Please try to remember this: The showing for clients is fun, "icing on the cake," or one fun way to spend money and free time as opposed to another. If you take showing seriously, I can't imagine that you cancel at the last minute too often. If you don't--- a horse show is equivalent to dinner reservations to you--- then pay for the luxury of having the flexibility to bail. After all, someone somewhere (usually the groom who shows up expecting X horses per day and gets X-1) is eating the cost. Now, perhaps, you trainer is putting the cost of flexibility where it properly lies.

    I hope you guys can come up with something fair for all.
    mvp, I actually agree with these upcoming policies, all of them. Was just wondering if there was a "standard" among other barns/trainers to give as a suggestion.

    Late cancels, besides apparently being a pain for the trainer, impacts other clients too. For every one that bails out last minute, the rest of us are looking at higher trainer splits. Would like to see a barn policy that discourages last minute cancels.



  9. #9
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    I think it is pretty obvious that if the trainer has reserved a stall for a horse that the owner is responsible for that cost. Also, if the horse is already at the show and then scratches, I think they still are utilizing pretty similar services as if they were showing, they still need to be fed and watered and cared for and I think those services have clearly been committed too.

    In the situation where the owner cancels at the last minute, I sympathize with the trainer but I also think that it can create a lot of hard feelings when you bill for a service that was never provided, such as grooming at a show when the horse never went. I also think it can add insult to injury when the horse couldn't go because of a lameness or health issue. I think the idea of charging a deposit is a reasonable one, whereby the owner would be responsible for some portion of the costs, but not as much as if their horse actually went.

    I think it is pretty expected that for any given show out of a certain number of horses and riders there might be one horse or one rider that can't go because of illness or other unexpected circumstances, but also I have noticed that there are a lot of flaky people out there and that can be a real hardship on a business. I'd hate to be a trainer taking five clients to a show, and then find out at the last minute that only two or three were going. That makes a big difference in terms of logistics.



  10. #10
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    One thing I would suggest bringing up with your trainer is the question of what happens if your horse is unable to show because of circumstances that are the trainer's fault, not yours? I'm not sure how you would delicately bring something like this up, but I think I would still ask about it.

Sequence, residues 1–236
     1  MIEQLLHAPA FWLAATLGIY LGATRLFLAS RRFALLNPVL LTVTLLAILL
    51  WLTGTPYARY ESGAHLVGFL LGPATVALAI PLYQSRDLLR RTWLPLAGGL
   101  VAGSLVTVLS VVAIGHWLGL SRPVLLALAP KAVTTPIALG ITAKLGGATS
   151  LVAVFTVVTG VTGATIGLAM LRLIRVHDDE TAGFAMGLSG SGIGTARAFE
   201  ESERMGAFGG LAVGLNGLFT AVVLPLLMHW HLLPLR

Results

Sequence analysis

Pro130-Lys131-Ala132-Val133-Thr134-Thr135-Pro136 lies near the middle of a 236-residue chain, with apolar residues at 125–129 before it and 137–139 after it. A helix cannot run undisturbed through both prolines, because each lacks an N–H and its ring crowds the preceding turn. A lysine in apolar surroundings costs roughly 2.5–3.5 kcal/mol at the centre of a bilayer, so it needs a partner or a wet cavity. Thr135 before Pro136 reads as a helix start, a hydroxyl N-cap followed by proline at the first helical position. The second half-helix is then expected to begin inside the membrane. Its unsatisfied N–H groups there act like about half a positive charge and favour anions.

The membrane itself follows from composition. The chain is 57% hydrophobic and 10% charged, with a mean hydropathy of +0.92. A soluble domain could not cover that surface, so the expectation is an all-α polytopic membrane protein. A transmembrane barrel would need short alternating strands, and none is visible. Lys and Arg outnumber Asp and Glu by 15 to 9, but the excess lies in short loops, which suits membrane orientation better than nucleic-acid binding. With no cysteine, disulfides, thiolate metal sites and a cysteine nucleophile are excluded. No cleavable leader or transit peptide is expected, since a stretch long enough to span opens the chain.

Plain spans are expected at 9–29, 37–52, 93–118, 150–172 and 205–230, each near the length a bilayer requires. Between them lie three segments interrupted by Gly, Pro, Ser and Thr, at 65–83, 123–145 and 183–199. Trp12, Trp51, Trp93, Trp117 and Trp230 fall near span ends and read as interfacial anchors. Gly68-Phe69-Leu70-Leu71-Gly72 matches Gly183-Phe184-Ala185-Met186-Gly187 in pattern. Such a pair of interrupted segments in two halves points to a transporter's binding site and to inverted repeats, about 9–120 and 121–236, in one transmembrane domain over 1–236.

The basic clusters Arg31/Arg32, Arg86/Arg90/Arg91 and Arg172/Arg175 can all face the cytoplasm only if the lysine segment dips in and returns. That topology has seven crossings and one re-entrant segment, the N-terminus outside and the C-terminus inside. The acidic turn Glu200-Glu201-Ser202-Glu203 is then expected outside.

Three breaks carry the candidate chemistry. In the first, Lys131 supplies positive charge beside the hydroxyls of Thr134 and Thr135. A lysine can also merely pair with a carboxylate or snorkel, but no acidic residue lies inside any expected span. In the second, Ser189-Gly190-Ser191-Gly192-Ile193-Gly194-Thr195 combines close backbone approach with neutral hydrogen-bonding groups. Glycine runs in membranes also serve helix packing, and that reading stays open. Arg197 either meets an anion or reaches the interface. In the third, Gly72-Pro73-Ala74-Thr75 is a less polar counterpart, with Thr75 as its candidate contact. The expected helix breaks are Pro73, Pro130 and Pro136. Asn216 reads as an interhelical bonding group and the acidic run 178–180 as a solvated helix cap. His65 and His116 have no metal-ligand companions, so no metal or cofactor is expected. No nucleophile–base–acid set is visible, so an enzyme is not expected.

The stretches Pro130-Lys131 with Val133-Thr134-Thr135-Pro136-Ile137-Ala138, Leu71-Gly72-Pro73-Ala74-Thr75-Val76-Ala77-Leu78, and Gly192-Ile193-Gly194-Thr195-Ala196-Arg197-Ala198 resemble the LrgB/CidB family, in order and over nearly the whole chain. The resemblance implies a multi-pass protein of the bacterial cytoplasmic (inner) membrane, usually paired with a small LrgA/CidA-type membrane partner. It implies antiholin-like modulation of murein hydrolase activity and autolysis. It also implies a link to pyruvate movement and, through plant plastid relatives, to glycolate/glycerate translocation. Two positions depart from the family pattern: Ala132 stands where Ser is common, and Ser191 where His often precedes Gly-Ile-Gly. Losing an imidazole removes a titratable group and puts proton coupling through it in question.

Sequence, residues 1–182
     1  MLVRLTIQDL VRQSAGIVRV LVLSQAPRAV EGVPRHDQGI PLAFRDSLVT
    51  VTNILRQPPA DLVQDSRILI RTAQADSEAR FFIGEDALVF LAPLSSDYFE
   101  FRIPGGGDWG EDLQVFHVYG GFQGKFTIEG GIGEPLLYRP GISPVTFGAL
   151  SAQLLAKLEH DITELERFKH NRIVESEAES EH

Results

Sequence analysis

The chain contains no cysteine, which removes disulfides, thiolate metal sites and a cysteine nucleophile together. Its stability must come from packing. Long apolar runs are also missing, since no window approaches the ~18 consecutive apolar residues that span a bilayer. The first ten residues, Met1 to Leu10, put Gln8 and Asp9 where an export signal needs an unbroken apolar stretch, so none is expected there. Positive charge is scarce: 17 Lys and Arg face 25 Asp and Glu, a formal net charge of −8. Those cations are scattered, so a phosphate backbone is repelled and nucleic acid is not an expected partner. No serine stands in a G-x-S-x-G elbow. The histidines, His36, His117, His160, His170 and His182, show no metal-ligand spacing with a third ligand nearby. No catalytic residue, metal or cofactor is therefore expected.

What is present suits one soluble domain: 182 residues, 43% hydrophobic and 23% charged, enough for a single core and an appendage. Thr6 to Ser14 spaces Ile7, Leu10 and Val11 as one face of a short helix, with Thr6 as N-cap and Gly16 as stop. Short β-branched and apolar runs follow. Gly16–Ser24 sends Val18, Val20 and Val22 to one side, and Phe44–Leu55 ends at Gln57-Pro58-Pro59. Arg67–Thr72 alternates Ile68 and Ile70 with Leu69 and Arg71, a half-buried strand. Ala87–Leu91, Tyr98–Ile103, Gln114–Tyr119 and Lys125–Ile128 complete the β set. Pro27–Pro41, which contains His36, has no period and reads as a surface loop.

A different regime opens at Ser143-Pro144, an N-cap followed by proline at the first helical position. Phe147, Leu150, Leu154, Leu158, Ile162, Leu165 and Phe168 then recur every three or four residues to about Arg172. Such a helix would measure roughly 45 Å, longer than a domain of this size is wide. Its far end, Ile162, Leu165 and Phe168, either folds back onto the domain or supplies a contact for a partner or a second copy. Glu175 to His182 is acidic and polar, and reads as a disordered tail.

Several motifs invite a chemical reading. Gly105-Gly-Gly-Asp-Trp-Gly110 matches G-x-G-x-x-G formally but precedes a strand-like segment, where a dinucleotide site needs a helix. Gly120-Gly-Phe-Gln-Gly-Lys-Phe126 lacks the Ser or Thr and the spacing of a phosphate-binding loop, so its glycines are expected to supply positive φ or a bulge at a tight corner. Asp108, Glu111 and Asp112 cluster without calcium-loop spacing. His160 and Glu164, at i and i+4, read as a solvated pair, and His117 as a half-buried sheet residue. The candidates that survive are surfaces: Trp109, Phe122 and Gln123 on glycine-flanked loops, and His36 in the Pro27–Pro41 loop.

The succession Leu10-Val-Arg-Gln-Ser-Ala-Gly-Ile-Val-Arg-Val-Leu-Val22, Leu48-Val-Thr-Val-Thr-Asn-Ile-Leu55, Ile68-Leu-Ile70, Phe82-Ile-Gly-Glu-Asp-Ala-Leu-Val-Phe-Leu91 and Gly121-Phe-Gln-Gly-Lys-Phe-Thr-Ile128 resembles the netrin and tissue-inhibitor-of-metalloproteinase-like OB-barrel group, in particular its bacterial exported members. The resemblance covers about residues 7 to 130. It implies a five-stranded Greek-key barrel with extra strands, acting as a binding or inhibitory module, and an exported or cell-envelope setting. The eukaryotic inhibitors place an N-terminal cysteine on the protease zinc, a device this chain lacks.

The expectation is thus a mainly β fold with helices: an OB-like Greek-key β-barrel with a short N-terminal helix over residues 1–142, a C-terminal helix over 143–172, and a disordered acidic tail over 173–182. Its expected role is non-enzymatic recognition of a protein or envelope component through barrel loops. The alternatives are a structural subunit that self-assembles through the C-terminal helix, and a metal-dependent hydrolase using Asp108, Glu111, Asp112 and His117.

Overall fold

An assistant trainer once caused a bad accident with my horse at a horse show, resulting in a severe injury. I didn't pay a day rate for the days I was not there, but the trainer did still charge me shipping plus the splits for shavings/hay/grooming stall that I did not use because my horse was back home receiving very expensive vet care. I also paid my stall fee directly to the show office, which I would have expected (they had nothing to do with this incident). In my case, I think the trainer should have paid my portion of the grooming stall split, shavings, and hay, since it was her employee's bad judgment that led to the accident.

    My horse still has after effects from the injury, so it still pisses me off to this day that the trainer charged me for these items.



  11. #11
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    I have a two weeks prior commitment required and a one week prior deposit (50% of estimated bill) and check to show required policy at my barn. It was implemented to keep people from backing out at the last minute from big shows and once you commit, you pay your portion of splits (hotel, trailering, tack stalls, etc) whether you go or not. It works for me and seems to keep everyone in line.

    Whether or not they can get out of paying the show is generally not up to me, but most A shows won't let you out of the stall. A good portion of our local ones will though up to a few days before.
    Teneriffe Enterprises- NW Indiana
    www.saradanielhaynes.com



  12. #12
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    May. 10, 2011
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    I am a little bit confused by a few posts that mention it shortchanges the grooms if they are expecting X amount of horses but show up and there is X - 1 or whatever. Our grooms get paid the same regardless of the amount of horses at the show - we just increase or decrease the amount of grooms we take to each show depending on the amount of horses going.



  13. #13
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    FineAlready -

    I really think my head would have spontaneously exploded if I had been in your situation, seems outrageous.